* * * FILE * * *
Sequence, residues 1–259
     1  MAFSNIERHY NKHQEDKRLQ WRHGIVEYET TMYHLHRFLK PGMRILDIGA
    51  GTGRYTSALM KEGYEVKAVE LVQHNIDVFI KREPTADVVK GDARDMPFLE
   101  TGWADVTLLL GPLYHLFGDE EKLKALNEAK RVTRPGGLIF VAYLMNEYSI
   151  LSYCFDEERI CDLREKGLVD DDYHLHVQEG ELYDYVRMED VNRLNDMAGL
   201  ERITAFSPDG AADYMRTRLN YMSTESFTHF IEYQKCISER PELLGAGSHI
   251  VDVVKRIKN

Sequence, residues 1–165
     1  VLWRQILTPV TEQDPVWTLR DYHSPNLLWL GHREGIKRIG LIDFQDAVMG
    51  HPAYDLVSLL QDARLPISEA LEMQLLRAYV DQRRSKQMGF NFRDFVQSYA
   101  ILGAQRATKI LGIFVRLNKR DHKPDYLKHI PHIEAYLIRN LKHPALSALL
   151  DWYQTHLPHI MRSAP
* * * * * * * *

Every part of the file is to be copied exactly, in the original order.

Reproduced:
Sequence, residues 1–259
     1  MAFSNIERHY NKHQEDKRLQ WRHGIVEYET TMYHLHRFLK PGMRILDIGA
    51  GTGRYTSALM KEGYEVKAVE LVQHNIDVFI KREPTADVVK GDARDMPFLE
   101  TGWADVTLLL GPLYHLFGDE EKLKALNEAK RVTRPGGLIF VAYLMNEYSI
   151  LSYCFDEERI CDLREKGLVD DDYHLHVQEG ELYDYVRMED VNRLNDMAGL
   201  ERITAFSPDG AADYMRTRLN YMSTESFTHF IEYQKCISER PELLGAGSHI
   251  VDVVKRIKN

Sequence, residues 1–165
     1  VLWRQILTPV TEQDPVWTLR DYHSPNLLWL GHREGIKRIG LIDFQDAVMG
    51  HPAYDLVSLL QDARLPISEA LEMQLLRAYV DQRRSKQMGF NFRDFVQSYA
   101  ILGAQRATKI LGIFVRLNKR DHKPDYLKHI PHIEAYLIRN LKHPALSALL
   151  DWYQTHLPHI MRSAP